Member Rara Avis
It was late January, 1974. I was driving a '64 Belaire, a big heavy car, on I94 from Battle Creek to Kalamazoo and, as usual, was running late. I was young and stupid and, having grown up in Michigan, had no fear at all of snow and ice. My dad had taught me to drive, after all, by taking me out on a very frozen Goguac Lake and pretty much turning me loose behind the wheel. I was cocky.
I'm sure I was doing well over a hundred miles per hour when I hit a patch of ice hidden beneath the thin glaze of still falling snow. The car went into a spin, what we called donuts back then, and I twisted the wheel to and fro in a effort to stay on the highway. I know the ride lasted only seconds, but it felt like an eternity. Thirty years ago, the sides of the highway were dotted with wooden markers, the thickness of a telephone pole, but only about three feet high, painted black and white for easy visibility at night. When the car finally left I94, it slammed sideways into a marker pole in the meridian. Like a karate chop, the Belaire hit the pole going so fast it snapped it like a number two pencil, leaving only a small indentation in the door panel. Fortunately, the pole slowed the car enough so that the five feet bank of snow behind it was a cushion rather than the brick wall it would have been at higher speeds. I walked away unscathed. Minutes later, an 18-wheeler stopped and helped pull the Chevy from it's tomb of snow. The driver said he only stopped because he felt he had to after following my trail of donuts for over two miles. The car started right back up, and I'm almost ashamed to admit that five miles later I was again pushing the speedometer into the triple-digit range.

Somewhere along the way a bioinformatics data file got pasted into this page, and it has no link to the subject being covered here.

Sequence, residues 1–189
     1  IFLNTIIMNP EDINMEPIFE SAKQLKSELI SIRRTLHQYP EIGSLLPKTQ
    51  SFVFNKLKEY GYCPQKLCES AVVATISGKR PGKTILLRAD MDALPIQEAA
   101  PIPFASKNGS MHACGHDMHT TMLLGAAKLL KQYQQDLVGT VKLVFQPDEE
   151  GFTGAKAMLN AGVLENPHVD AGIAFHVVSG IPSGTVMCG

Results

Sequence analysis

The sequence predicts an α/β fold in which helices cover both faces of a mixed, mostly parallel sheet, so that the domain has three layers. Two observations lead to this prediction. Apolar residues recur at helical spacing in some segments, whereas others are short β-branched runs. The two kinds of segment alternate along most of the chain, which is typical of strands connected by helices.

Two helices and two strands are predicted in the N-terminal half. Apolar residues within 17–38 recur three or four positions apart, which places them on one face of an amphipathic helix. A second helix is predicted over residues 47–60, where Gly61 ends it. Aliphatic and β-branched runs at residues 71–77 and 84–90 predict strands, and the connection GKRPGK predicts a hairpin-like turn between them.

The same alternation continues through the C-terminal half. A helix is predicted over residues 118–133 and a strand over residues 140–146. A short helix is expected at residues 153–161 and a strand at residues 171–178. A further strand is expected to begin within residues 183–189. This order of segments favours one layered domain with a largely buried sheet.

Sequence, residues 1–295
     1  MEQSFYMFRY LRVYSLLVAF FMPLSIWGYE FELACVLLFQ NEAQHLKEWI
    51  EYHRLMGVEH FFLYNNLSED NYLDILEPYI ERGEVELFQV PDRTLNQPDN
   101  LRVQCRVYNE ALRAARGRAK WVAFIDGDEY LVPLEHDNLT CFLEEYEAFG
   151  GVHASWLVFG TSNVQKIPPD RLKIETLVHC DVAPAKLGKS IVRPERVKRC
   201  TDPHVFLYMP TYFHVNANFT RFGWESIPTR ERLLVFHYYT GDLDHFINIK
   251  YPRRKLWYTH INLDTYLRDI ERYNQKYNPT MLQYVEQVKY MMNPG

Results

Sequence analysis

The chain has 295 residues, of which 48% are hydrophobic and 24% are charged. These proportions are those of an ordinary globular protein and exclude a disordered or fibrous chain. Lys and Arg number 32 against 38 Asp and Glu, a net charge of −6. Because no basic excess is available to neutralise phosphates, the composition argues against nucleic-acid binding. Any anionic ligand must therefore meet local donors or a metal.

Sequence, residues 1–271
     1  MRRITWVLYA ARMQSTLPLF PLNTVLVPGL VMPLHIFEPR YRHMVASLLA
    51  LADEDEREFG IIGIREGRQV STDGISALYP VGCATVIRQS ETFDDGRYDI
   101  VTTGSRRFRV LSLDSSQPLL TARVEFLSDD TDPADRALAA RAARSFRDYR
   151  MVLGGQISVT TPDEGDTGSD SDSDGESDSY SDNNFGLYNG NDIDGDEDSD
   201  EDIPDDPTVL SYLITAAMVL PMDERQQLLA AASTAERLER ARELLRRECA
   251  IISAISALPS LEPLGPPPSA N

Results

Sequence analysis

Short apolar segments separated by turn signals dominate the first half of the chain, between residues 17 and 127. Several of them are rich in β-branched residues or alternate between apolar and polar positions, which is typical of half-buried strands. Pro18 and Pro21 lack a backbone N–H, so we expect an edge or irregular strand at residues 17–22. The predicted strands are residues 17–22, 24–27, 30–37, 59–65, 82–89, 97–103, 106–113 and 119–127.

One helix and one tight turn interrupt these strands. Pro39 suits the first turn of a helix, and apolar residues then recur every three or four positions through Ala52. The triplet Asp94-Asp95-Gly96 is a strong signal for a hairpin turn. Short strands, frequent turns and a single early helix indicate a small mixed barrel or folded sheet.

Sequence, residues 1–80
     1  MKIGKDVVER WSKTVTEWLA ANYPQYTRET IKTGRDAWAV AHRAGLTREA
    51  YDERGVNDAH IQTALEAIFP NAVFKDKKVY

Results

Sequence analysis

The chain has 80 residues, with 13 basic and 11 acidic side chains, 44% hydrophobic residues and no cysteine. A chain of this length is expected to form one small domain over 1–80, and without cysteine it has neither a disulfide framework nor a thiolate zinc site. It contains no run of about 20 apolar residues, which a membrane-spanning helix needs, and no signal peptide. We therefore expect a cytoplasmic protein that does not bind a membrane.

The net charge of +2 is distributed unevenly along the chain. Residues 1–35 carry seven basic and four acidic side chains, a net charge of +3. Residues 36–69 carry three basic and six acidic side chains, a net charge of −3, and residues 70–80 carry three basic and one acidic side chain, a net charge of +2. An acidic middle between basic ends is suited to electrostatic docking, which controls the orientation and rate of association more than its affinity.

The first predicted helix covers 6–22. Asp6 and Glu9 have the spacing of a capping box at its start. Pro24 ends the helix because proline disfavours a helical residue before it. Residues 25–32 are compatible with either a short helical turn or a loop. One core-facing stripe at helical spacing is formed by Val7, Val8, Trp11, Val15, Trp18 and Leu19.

A few years after that, I left Michigan, for California, where I spent most of the next two decades. When I finally returned to Michigan five years ago, I quickly discovered that my over-confidence had not survived the years, even though my "snow reflexes" returned almost as if I had never left. I still drive much too fast in the summer, but drive hardly at all and never very fast during the winter months. I just don't need to be anywhere badly enough to pay for the cost of what it does to my nerves. I don't know if I'm less stupid than I was in 1974, but I'm certainly less young.
Driving in bad weather isn't something someone can teach you, but can only be learned with experience. It's reflex as much as knowledge. You'll get the knack eventually, and in the meantime, your caution will serve you well. I get the impression you might even be smart enough to never let your ever-increasing experience in snow someday make you cocky.